- Uninterested reporters will not respond no matter how often you contact them. I don’t even think this needs discussion, I just loved it and thought, how true.
- As the same pick up lines do not work on every person, the same pitch will probably not work for every reporter. This may be one of the very first things I learned when beginning to contact the media. That extra step of doing your research and personalizing your pitch to each RELEVANT reporter makes all the difference in the world. Another analogy I think fits well with this idea is an un-researched pitch is like getting spam in your inbox- No one reads spam so why would reporters be expected to read it either?
- Placement may provide immediate gratification, but relationships are often built over time. This point is what I am most excited about as I become a more seasoned PR professional. I love every day learning more about the people I pitch and finding stories or ideas that truly help and fit their coverage. It is frustrating to have a media list and know no one, but even in my short time at this internship I am already familiar with many reporters and can’t wait to continue our relationships in the future.
Now although I think Rob did a great job, I wanted to add a few insights myself. As a participant in the dating world there are a few things that have helped my love life and I think will help me strive in MR as well. So here is my additional list of tips for the dater or PR professional:
- You must have genuine interest in the other person. You can go through the motions of dating or PR, but if you don’t truly care about the person on the other side, 9 times out of 10 you will fail. Both in dating and PR I genuinely want to get to know the person on the other side, build a relationship and help them succeed. I believe this sincerity is apparent in my pitches and I hope is apparent in my pick up lines too 😉
- Kindness and Confidence. Confidence mixed with friendliness I think is the key combination to getting past that initial introduction phase in the dating and media world. When someone exudes confidence, it is apparent and attractive and who can turn down someone who is kind? I know I have a hard time of it and in PR I think the same is true.
Now of course you will still receive exceptions to these rules and like in dating, not every relationship is meant to last, but I think this analogy is a great one to keep in mind. My parting tip? Draw understanding from the one you know better to help you out in the other, equally important, part of your life as well.
At the start of my internship in the wonderful world of pr, one of the first things I learned about was billing time. Essentially, time is broken into .25 increments and you must record each day who and what you are working on in order to bill clients. Although initially annoying, I have learned to love the idea of billing time because it forces you to be responsible for every moment of your day and to use your time wisely. Now of course there is never enough time in the day (especially in the pr world) so I thought an appropriate topic for my second intern insight would be… time management.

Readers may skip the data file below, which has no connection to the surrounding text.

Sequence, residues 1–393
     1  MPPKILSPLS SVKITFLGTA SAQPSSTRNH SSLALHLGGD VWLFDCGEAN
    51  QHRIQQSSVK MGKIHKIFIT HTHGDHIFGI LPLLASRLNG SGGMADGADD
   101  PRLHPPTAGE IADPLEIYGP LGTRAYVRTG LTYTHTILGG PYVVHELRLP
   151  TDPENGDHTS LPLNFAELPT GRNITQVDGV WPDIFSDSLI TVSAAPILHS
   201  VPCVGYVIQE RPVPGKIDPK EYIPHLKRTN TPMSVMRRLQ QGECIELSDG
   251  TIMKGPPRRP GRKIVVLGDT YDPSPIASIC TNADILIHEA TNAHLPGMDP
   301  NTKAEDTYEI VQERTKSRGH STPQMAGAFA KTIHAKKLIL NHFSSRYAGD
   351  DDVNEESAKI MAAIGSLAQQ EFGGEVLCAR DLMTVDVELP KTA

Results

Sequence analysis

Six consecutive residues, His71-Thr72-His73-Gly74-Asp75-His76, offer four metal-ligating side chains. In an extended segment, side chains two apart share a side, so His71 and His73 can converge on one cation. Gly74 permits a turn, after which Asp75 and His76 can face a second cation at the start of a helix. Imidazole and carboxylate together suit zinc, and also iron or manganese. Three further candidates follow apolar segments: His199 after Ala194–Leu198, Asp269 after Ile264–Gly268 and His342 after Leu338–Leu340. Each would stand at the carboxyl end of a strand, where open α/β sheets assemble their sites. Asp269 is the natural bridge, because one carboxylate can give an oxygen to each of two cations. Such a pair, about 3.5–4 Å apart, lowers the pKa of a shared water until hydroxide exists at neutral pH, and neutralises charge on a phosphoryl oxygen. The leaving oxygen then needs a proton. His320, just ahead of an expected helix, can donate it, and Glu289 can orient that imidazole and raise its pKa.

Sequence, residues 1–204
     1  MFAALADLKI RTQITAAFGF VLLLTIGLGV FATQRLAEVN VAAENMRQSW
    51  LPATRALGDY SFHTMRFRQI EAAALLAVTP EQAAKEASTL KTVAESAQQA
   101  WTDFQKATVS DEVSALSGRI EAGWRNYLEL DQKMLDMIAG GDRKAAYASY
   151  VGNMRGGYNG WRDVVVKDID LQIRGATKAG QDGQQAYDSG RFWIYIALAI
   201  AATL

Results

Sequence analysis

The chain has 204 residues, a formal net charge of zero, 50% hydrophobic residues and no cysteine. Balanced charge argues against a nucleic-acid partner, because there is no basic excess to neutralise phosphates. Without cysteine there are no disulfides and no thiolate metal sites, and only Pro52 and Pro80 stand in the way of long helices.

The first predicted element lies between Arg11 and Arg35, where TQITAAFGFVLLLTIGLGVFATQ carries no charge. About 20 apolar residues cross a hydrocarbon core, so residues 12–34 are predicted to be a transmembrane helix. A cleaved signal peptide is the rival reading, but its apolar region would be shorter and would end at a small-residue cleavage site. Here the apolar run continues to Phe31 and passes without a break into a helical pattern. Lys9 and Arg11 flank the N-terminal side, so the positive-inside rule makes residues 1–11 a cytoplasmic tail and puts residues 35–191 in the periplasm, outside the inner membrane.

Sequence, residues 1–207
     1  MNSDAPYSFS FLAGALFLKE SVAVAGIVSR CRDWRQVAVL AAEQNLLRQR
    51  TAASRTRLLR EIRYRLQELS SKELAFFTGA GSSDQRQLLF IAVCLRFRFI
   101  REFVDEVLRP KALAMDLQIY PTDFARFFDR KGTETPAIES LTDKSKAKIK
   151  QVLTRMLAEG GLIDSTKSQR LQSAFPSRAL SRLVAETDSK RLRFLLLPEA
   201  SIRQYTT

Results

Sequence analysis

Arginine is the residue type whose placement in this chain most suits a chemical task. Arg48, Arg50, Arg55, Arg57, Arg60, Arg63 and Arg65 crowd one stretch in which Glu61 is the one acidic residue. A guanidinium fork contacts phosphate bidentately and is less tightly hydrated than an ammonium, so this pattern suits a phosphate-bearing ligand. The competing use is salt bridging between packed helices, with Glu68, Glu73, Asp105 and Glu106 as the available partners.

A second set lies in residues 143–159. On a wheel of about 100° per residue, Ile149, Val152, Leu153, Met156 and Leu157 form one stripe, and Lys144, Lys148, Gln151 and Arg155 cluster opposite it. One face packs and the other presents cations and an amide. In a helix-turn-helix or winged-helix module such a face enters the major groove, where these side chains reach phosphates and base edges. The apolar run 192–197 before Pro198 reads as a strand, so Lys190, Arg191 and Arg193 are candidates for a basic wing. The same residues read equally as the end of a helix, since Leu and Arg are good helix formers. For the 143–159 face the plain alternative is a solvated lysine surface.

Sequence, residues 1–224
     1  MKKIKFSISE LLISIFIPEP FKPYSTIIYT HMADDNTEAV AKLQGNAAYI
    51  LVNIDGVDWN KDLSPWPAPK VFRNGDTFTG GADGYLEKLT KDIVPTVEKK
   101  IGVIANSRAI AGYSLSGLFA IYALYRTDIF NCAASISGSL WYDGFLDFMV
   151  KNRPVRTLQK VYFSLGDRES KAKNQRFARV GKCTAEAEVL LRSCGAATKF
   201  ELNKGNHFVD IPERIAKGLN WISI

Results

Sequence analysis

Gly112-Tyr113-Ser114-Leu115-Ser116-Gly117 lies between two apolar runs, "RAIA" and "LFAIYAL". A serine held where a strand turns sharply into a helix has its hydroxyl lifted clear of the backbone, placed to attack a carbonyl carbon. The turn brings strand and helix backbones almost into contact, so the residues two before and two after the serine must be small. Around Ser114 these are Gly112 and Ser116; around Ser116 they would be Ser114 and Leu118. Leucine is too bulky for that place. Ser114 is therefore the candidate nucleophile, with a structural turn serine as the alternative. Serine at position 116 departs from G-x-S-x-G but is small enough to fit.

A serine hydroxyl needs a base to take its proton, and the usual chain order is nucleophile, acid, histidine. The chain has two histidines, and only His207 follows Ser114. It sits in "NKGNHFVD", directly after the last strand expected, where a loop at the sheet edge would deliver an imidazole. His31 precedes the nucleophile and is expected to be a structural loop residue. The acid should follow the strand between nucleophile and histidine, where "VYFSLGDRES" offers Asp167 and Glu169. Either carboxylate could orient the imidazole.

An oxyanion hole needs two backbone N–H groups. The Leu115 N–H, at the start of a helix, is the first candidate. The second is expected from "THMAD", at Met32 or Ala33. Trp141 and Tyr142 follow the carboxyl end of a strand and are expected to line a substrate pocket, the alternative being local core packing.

At Dix & Eaton, interns are treated as employees. Therefore I do not sit around and make coffee all day, but rather I am treated as an Assistant Account Executiveand have real, billable work for a number of clients. I learned very quickly that I will always be busy and need to prioritze and therefore I learned some pretty good tips and have gotten some great advice to help manage my time. Here a few of my favorite pieces of advice:
Triage your work. In pr, there are always stories to be pitched, media lists to create, follow-up calls to be made- the list goes on. The trick I have found to organizing what to do when is to organize by urgency and immediate importance. An event for a client in a week that has no press coverage of course must be completed ASAP, while the media list for outreach you are just beginning can probably wait. It is not always that simple to gauge the importance of projects compared to one another, but you can always ask the advice of your collegues and when someone says something is urgent, by asking more questions you can find out how truly “urgent” it really is.
Block off time in your schedule. Is there something on your to-do list that you never seem to be able to check off? A colleague of mine suggested that for times such as this a good option is to block off time in your calendar dedicated solely to whichever task it is that you are hoping to accomplish. By scheduling time into your calendar people won’t think you are free and you will have a better chance at avoiding interruptions. It will also help you mentally plan to complete that task when you see it planned into your schedule. Along those same lines, in order to not forget something you can plan a reminder into your schedule as well. I have found this especially helpful for completing follow-up calls when pitching numerous clients. When you see on your calendar that you must contact Joe Smith at 3 p.m., you will be much less likely to forget to make the call.